Be Prepared, 1990's-Style

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In an effort to keep pace with the times, the Boy Scouts of America last month unveiled a new and extensively revised Boy Scout Handbook.

Scouts are, of course, still urged to "be prepared." But beyond the traditional instruction in how to tie knots, use a compass, and build a campfire, the new Handbook, by addressing such contemporary problems as drug and child abuse and illiteracy, seeks to help boys cope with life in the 1990's.

The changes, said Lee Sneath, a national spokesman for the Dallas-based Boy Scouts of America, are part of a decade-long effort to modernize the 80-year-old organization and boost its membership, which in 1979 had fallen to 3.1 million from 4.8 million in 1972. Currently, Mr. Sneath said, the Scouts have approximately 4.3 million members, ages 6 to 20.

"As the nation's largest youth-development organization," he said, the Boy Scouts have chosen to combat five social ills that the organization terms "unacceptables": child abuse, drug abuse, functional illiteracy, hunger, and youth unemployment.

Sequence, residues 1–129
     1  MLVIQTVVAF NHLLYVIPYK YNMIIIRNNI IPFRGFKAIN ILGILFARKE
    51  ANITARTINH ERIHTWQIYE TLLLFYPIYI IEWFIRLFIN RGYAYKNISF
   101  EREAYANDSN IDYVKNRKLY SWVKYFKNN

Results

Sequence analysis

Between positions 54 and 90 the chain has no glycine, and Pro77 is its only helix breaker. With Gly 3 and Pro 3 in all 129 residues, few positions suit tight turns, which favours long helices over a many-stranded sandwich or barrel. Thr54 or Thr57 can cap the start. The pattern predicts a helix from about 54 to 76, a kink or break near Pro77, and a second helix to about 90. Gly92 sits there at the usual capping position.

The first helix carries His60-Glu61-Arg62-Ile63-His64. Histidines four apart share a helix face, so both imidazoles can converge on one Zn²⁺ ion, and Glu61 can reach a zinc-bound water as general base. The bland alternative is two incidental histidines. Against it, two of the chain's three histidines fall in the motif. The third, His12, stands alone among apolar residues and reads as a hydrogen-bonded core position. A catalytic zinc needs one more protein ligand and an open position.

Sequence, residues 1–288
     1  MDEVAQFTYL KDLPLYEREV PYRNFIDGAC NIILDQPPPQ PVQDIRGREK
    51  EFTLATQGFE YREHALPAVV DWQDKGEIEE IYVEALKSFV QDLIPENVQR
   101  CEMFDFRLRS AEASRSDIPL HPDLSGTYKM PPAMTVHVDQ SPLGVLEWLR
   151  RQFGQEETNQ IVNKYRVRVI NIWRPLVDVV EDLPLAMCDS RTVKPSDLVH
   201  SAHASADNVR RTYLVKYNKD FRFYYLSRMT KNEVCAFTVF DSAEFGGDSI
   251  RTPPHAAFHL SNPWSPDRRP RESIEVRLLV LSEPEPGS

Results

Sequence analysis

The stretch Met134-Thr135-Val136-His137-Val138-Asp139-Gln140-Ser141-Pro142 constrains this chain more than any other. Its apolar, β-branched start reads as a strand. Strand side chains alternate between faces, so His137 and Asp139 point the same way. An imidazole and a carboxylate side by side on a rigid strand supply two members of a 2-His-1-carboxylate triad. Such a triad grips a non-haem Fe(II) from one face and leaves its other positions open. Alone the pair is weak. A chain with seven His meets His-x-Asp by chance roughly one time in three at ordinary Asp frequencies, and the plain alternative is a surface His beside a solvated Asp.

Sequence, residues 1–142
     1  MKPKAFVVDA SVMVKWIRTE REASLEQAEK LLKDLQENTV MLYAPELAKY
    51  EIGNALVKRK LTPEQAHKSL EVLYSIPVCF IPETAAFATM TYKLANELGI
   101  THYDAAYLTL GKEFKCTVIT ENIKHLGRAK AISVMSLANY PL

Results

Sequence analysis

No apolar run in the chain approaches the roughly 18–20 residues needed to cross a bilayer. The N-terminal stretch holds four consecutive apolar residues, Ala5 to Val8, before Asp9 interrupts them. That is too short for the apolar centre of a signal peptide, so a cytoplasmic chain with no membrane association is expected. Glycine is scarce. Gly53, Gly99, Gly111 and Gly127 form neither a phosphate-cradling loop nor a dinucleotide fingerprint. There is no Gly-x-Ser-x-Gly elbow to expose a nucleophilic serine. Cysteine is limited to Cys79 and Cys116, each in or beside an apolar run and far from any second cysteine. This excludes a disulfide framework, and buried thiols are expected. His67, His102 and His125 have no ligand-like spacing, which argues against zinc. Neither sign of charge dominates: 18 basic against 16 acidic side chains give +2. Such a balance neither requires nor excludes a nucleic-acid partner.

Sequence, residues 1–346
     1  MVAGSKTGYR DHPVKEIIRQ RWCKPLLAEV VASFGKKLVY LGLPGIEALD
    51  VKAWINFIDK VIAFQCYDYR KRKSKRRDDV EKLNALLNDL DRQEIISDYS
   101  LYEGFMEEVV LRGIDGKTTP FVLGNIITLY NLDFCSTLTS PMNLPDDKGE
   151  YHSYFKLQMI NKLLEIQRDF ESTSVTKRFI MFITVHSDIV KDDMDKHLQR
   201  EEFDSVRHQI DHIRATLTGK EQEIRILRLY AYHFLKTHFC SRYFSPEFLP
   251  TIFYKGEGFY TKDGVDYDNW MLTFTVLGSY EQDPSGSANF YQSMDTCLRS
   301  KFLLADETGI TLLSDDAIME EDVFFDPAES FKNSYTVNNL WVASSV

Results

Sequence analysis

"If young people can be protected from child and drug abuse, learn to read, and be fed," he observed, "then they will be better prepared for the job market."

Reflecting this outlook, one of the more significant changes in the 645-page Handbook is a new 24-page insert on the dangers of child and drug abuse. Before becoming a Boy Scout, Mr. Sneath said, a boy and his parents must work through the insert and sign off on it. "We want boys today to be aware of the environment around them, and, unfortunately, today's world has child and drug abuse," he said.

The 10th edition of the Handbook also places additional emphasis on an "environmentally gentle" approach to camping. This "low-impact, no-trace camping," Mr. Sneath explained, instructs Scouts to leave a campsite in better condition than they found it.

And finally, beyond being written in a more "interesting and readable" manner, he said, the new Handbook features more than 900 color photographs of "real Scouts doing real Scouting things."

Clearly, the time has passed when Norman Rockwell's images and the prospects of outdoor adventure and merit badges were inspirational enough to lure generations of boys into the Boy Scout's ranks.--jw

Vol. 09, Issue 24

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